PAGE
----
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How Much Exercise Does Your Dog Really Need?

How Much Exercise Does Your Dog Really Need?

Different needs for different breeds

The fact is some dogs are just born with higher energy levels and need more exercise than others. According to the AKC, active dog breeds include Border Collies, Jack Russell Terriers, Labrador Retrievers, Golden Retrievers, Australian Shepherds, Siberian Huskies, and Pembroke Welsh Corgis. With Jack Russell Terriers and Corgis on the list, you can see that it’s not just the larger breeds that need regular activity. On the other side of the spectrum, lower energy dogs include French Bulldogs, Chihuahuas, Cockapoos, Bulldogs, and Boston Terriers. Knowing a little about the breed mix of your dog can help give you an idea of what kind of energy level will help keep them happy and healthy.

As a general rule, most dogs need about 30 to 60 minutes of exercise a day. Regular exercise helps dogs to deplete their energy levels, gives them something productive to do and also stimulates them mentally. If they are not regularly active, they can be at risk for gaining weight as well as creating their own ways to play, which you might not appreciate such as digging holes or chewing up some of your favorite things! Here are some general rules for dog-lovers to live by:

  • Active breeds need a minimum of 30-60 minutes of exercise most days of the week, preferably daily.
  • Toy or small breeds need more exercise than you think. Specific breeds, like Chihuahuas for example, are prone to obesity and need much more exercise than they usually get. Getting 20-30 minutes a day could be very beneficial to their health.

  • Good exercise engages your dog’s mind as well as his body. Exploring a new hiking trail or a new neighborhood street, for example, can keep life interesting for both of you.

  • Remember: an active dog is a happy dog.

As any dog ages, the amount and intensity of exercise should change. Ask your vet for guidance on how much of a workout your mature pooch should get.

Here are some ideas for staying active with your dogs. Mix them up to keep life interesting.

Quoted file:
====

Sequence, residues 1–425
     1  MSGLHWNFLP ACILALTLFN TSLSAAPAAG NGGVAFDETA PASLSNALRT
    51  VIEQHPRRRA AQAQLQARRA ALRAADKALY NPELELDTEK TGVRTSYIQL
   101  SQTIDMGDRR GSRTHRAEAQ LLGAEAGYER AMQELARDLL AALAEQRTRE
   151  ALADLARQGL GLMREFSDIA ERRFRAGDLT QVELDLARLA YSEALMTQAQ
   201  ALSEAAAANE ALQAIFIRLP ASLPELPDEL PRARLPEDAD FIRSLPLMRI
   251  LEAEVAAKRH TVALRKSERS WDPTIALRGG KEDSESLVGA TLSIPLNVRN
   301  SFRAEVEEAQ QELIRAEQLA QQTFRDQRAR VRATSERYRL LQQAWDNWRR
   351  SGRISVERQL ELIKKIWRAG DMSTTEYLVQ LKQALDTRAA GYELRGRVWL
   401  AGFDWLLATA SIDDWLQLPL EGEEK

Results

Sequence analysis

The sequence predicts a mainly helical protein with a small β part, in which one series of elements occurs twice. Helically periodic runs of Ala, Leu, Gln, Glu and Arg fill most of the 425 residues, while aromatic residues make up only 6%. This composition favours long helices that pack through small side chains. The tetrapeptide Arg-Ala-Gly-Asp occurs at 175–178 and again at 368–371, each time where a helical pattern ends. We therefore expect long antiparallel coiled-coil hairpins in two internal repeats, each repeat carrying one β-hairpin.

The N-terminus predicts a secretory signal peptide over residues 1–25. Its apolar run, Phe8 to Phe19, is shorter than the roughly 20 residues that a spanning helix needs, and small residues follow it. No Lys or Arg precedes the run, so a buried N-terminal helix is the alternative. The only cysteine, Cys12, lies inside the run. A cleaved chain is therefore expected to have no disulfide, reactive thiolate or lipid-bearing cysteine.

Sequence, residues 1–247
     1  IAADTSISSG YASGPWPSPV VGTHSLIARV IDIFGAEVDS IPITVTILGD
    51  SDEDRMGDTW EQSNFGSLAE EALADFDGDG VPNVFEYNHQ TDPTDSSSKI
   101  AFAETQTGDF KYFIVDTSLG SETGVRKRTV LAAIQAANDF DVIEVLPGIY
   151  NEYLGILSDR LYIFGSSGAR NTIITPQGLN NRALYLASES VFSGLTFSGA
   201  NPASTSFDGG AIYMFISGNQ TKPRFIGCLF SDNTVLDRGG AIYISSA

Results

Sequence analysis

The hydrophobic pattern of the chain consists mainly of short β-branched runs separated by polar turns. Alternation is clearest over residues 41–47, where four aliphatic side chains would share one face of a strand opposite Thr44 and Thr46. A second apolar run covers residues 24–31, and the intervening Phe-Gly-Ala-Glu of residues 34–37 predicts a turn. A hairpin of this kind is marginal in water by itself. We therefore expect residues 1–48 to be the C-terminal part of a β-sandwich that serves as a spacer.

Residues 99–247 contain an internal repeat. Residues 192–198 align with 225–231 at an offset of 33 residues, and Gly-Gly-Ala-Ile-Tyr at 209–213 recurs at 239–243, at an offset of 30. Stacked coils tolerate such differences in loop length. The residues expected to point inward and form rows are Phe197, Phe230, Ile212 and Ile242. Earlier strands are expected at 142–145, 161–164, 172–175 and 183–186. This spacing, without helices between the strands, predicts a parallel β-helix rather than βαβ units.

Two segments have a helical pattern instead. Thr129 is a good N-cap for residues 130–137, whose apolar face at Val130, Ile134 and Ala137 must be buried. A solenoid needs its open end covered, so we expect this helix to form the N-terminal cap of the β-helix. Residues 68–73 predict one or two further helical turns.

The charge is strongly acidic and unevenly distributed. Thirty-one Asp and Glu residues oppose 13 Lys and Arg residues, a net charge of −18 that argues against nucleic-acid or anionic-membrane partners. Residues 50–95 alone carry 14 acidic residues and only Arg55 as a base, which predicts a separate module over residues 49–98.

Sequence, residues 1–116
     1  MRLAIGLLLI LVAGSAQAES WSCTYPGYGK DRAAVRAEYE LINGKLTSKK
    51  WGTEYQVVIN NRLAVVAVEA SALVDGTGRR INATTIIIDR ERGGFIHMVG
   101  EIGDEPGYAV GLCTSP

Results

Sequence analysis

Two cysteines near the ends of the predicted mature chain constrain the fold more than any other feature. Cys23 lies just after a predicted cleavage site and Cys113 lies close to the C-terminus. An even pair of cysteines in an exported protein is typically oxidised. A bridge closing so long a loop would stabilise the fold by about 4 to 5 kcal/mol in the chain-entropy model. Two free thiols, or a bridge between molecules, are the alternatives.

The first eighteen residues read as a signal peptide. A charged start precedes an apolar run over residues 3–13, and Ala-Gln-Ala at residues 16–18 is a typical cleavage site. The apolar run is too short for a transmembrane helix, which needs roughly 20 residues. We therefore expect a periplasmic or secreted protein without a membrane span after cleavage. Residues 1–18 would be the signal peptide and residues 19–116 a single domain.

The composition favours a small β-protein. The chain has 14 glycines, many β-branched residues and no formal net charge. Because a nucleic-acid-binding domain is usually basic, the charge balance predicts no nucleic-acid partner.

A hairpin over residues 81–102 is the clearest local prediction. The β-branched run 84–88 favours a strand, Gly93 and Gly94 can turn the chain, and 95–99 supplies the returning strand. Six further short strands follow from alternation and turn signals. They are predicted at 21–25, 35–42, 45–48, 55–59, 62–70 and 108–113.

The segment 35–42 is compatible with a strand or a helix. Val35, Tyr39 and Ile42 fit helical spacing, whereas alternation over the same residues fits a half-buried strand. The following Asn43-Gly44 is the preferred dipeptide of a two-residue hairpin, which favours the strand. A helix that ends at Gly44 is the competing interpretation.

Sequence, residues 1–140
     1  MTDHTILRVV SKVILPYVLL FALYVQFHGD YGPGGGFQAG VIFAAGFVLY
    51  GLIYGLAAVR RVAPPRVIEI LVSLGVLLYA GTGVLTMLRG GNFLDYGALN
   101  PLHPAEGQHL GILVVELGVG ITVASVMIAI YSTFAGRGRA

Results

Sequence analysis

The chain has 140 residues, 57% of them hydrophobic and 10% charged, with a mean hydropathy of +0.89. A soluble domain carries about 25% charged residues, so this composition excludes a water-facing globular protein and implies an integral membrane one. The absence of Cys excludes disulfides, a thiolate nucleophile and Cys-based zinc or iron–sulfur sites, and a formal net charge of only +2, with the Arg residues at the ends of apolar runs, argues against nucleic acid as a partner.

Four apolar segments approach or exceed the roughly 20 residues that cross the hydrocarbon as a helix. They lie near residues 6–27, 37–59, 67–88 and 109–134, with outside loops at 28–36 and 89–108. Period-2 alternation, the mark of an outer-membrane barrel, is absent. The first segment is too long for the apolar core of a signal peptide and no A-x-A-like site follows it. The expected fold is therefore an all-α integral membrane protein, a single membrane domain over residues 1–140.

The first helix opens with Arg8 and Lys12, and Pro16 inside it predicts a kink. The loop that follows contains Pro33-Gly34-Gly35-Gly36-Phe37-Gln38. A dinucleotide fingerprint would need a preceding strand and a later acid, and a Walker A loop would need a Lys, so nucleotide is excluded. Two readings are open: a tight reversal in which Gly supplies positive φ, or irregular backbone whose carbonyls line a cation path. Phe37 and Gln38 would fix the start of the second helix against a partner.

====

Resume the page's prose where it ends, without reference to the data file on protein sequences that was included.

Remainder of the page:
Use the great outdoors.

Most pooches just can’t wait to get out into the world. Just be sure to keep the athleticism required safe and appropriate to your dog’s breed and age. Here are some outdoor activities you can do together:

  • Walking, jogging or biking. That’s right! In addition to the traditional brisk leashed walk, you and your dog can jog or bike together. The latter two will provide a more intense doggy workout. But first be sure to train your dog to safely run or bike with you. Not all breeds are built for running.

  • Fetch. It’s on old canine pastime that never gets old. Just throw a ball or chew toy, and your pup will run to bring it back. Playing “catch” with a ball or flying disk is a fun variant on this game.

  • Running off leash. If there’s a park or open area nearby where your dog can run safely and within restrictions, take advantage of it. Let your furry athlete run and explore until they get tired.

  • Swimming. If you live near the sea or a lake or even a large pond, there’s no better exercise than canine swimming session. Such activity is especially beloved by “water dogs” like retrievers, spaniels or even poodles. You can combine it with a fetch game. Just make sure it’s warm enough outside, and that you never leave your swimmer unattended.

  • Playing with other pets. A fun activity at a dog park or in your enclosed backyard.  When dogs get together and play, it can get pretty rambunctious—which is good exercise. Just make sure that your pup likes to hang out peaceably and safely with other dogs.

What if it’s too cold, hot or wet outside?

Exercise in extreme heat or cold is just as unsafe for your pup as it is for you. Sometimes even more unsafe. But you don’t have to skip the workout on the days when you need to stay indoors. Here are some ideas:

  • Indoor fetch. If you have some soft toys to throw in the house, you can still have a pretty rousing game of fetch (just watch out for the lamps and other breakables). Rolling a ball and angling it down the hallway can also make for a good game of chase.  Have an active dog?  Take your game to the next level with stairway fetch.  Just throw your ball or chew toy up to the landing, and have your pup bring it back down to you.
  • Tug. Another old favorite, and most dogs really get into it. In fact, it can bring out the competitive instincts in your pet, so don’t let it get out of hand. Combine it with a little fetch exercise tossing the tug toy across the room.

  • Tricks for Bil-Jac treats. Hollywood dog trainer, Joel Silverman has dog training tips on how to use Bil•Jac Treats to train your pup to sit up, heel and other fun things. You can also play “find the treat” by hiding three or four Bil-Jac Original Recipe Dog Treats around the house while your pup is outside or in a treat toy. Just alert him to the scent and encourage him to hunt around the house.

The payoff

Dogs that exercise regularly and with some intensity develop a higher metabolism, smaller appetite, better muscle tone, and even better temperature regulation. They also have a better chance of avoiding both obesity and boredom. And that makes them less likely to “act out” with destructive behaviors. So make a daily play date with your best friend. You’ll both be healthier and happier for it!

What’s your favorite pooch playtime activity? We’d love to hear from you!

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